8. Meanwhile, both the parties issued public notices, granted licenses to others who also issued public notice, exploited the rights, but peculiarly, none objected.

Thus, aiding agreements for the parties are: –

Docs relied on by Goldmines Docs relied on by Sabharwal
Sharma Assignment 2002 Sabharwal Assignment 2010
Swastik Assignment 2007 Dwarakish’s 2010 letter to Prasad Colour Labs
Sharma Assignment 2010  
Swastik Assignment 2021  
Dwarakish’s Affidavit 2021  

 

What the Court Held

Firstly, the Court checked if numerous agreements cited could co-exist especially the Sharma Assignment 2002 and the Swastik Assignment 2007 as they lay down different rights in different time lines. If they exist validly, does it affect the legitimacy of 2010 agreement?

Perusing the first document – Sharma Assignment 2002, the Court noted that it was restricted in several ways 1.) it was for a limited period of 25 years, 2.) theatrical, and audio rights were not transferred, hence. 3.) Satellite rights would only vest in SD Sharma from September 2003. Basis this agreement, SD Sharma (who claimed to be first assignee) or his heir cannot transfer all the rights in Sheela for indefinite period.

But in the affidavit 2021, Dwarakish said adverse and contrarily accepted the transfer of satellite rights to SD Sharma from 2002. Further, underscoring the burden of proof on Plaintiff, the Court accepted that an ‘agreement to assign’ cannot be said to be an assignment. From the practical perspective, there needs to be a distinguishment between ‘hereby agrees to assign’ and ‘hereby assign’ in the agreement as the former makes a thin case for assignment.

Then, the Court sifted through the Swastik Assignment 2007 in which Dwarakish had claimed to have transferred ALL the rights in the movie Sheela for 99 years to Swastik Distributors and even conceded that this 2007 agreement is free from all encumbrances, without any prior commitments. But this cannot be true in the presence of 2002 Sharma agreement which was restricted by both time and subject matter. The said transfer of ALL rights cannot include theatrical, and audio rights were not transferred as explicated above. Another factor that accorded preference to 2007 agreement was its wording “agreed and hereby irrevocably grant, transfer and assign” unlike 2002 agreement which only mentioned “agree to assign.” Hence, again Goldmines’ claims fall flattened.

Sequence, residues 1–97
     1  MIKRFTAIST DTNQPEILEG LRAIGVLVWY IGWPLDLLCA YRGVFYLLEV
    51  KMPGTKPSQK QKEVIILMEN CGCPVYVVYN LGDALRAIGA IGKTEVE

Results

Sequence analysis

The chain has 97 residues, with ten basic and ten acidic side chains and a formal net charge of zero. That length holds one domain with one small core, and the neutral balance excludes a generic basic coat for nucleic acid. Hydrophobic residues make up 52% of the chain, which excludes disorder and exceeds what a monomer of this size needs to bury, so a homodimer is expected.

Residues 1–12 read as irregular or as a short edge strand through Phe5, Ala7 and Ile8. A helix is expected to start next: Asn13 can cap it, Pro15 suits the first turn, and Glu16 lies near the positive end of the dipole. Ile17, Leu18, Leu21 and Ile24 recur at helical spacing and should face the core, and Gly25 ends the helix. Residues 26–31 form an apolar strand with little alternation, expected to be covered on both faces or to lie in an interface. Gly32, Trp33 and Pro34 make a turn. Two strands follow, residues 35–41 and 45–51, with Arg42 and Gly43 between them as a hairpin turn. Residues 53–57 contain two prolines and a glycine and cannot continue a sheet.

Dwarakish affidavit 2021, further complicated the scenario by making ‘so called’ clarificatory claims of assignment of satellite rights in 2007 agreement, which were initially claimed to be subject to some other contrasting terms. The Court held that ‘the 2002 Sharma Assignment and the 2007 Swastik Assignment are irreconcilable. One of the two must fall; both cannot co-exist.’ (Para 41)

Sharma Agreement 2010, which assumes Ravi Sharma s/o SD Sharma (not proven though) as the owner and assignor, transferred all the right in Sheela to Goldmine along with other movies. But this again falls foul when other agreements are assumed valid especially 2007 agreement. Interestingly, this was for a period of 99 years which is not also possible because its parent agreement 2002 only has rights for 25 years and didn’t include any theatrical, and audio rights were not transferred, and Satellite rights were supposed to come in 2003.

Then, Court seeped through 2021 Swastik Agreement and found other anomalies. This agreement transferred certain rights in Sheela from Swastik distributors to Goldmines, but mentioned new dates. Tellingly, it referenced both 2002 and 2007 agreements and read that the satellite rights under the 2002 Sharma Assignment ran in favour of Sharma until September 2028. But in actuality, this is not the date Dwarakish mentioned in his affidavit. Again, the validity remains of this agreement unviable.

Coming to 2010 Sabharwal Assignment, through which Dwarakish assigned right in Sheela to the Defendant, the Court noted that it didn’t mention anything about the previous two agreements i.e., 2002 Sharma Assignment and 2007 Swastik assignment. Noting this anomaly, the Court made an important remark that “Even if this document (2010 Sabharwal Assignment – Defendant’s main document) is to be disregarded, it does not follow at all that Goldmines must succeed. Goldmines’ case must stand or fall on its own documents, not on the vulnerability of Sabharwal’s. Also, though knowing of it, Goldmines has not sought to have the 2010 Sabharwal Assignment set aside and cancelled.” (Para 61)